He's This Year's Dollar Bill But Who Was Dollar Bill?
“He’s this year’s Dollar Bill” is one of the more popular insults levied at Kentucky Derby contenders on the Triple Crown trail, and this year’s path seems to have more Dollar Bill’s than a bachelor party.
I’ve already declared both Mor Spirit and Mo Tom this year’s Dollar Bills on the strength of their cachet among some Kentucky Derby prognosticators despite the weakness of their last two prep races.
Mo Tom, Mor Spirit not for moi https://t.co/YerYvRqkdK— Ed DeRosa (@EJXD2) March 28, 2016
Mor Spirit seems the type that looks like he’s going to find another gear and pass everyone but won’t while Mo Tom has run out of excuses with me as he keeps running into horses.
But before there were horses like Dollar Bill, there was Dollar Bill himself, a 1998 Peaks And Valleys colt who was the 6.6-to-1 second choice in the 2001 Kentucky Derby. He finished 15th in the race won by Monarchos then lost to eventual Horse of the Year and beaten Kentucky Derby favorite Point Given in his next three starts: the Preakness, Belmont, and Travers Stakes (we grant that part of the reason Dollar Bill was overbet in the Derby was because of jockey Pat Day).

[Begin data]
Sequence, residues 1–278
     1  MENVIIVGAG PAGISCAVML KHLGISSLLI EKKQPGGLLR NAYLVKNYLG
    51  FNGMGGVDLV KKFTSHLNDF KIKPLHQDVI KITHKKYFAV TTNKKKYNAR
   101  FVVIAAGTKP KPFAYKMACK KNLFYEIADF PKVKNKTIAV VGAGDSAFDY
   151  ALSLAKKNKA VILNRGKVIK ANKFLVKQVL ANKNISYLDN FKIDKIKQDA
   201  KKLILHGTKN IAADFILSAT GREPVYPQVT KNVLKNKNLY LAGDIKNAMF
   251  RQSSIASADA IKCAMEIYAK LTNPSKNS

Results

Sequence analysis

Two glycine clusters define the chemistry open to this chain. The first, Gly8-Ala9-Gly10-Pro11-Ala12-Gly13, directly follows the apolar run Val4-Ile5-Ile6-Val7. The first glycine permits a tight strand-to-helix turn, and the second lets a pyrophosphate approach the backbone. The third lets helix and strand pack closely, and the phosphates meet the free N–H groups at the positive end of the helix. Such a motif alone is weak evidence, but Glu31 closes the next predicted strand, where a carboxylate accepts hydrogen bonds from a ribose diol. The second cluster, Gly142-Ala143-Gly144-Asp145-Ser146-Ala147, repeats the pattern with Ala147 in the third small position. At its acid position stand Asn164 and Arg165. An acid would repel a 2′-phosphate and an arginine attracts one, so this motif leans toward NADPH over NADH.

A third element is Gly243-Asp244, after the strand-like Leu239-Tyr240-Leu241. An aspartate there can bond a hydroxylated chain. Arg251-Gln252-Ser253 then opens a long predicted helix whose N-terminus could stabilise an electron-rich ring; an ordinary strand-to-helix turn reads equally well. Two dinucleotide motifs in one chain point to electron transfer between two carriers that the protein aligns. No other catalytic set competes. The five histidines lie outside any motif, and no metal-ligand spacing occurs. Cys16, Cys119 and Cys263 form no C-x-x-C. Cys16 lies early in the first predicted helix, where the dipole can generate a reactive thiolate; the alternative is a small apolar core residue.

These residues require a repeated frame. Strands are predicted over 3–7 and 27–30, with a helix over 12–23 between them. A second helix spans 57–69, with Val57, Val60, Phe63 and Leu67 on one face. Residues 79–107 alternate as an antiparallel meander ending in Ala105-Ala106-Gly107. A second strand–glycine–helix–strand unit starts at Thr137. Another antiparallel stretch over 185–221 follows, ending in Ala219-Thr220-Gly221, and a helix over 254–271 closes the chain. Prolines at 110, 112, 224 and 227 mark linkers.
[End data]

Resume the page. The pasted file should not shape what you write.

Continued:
After winning consecutive stakes to close his two- and open his three-year-old seasons, Dollar Bill came into the Kentucky Derby off a fourth-place finish as the 17-to-10 favorite in the Louisiana Derby where he “clipped heels” and “stumbled” and a third-place finish as the 11-to-5 favorite in the Blue Grass Stakes where he “bumped start.”
“The worst trip he had was in the Louisiana Derby,” said Dallas Stewart, who trained Dollar Bill for Gary & Mary West. “He should have won that race and maybe some others.
“Some of it is just racing luck, and it seemed like bad luck found him most of his career. I hated to see it because I loved the horse and wanted him to get that big win.”
After winning the 2000 Kentucky Jockey Club and 2001 Risen Star Stakes in consecutive starts, Dollar Bill was winless in 15 stakes tries beginning with the Louisiana Derby and ending with the Suburban Handicap. His lone win in that stretch came in his four-year-old debut in an allowance race at Fair Grounds that he used as a prep for the Oaklawn Handicap.
“He was a sweet horse who deserved a clear shot, and he just never seemed to get it,” Stewart said.
Dollar Bill earned $1,225,546 after having won 4 of 22 starts over four seasons. He died in summer 2004 after foundering and before he was able to begin a stallion career.
So comparing a horse to Dollar Bill indicates three things: 1. The horse has some talent, 2. He has a penchant for trouble, and 3. He’s likely to be overbet.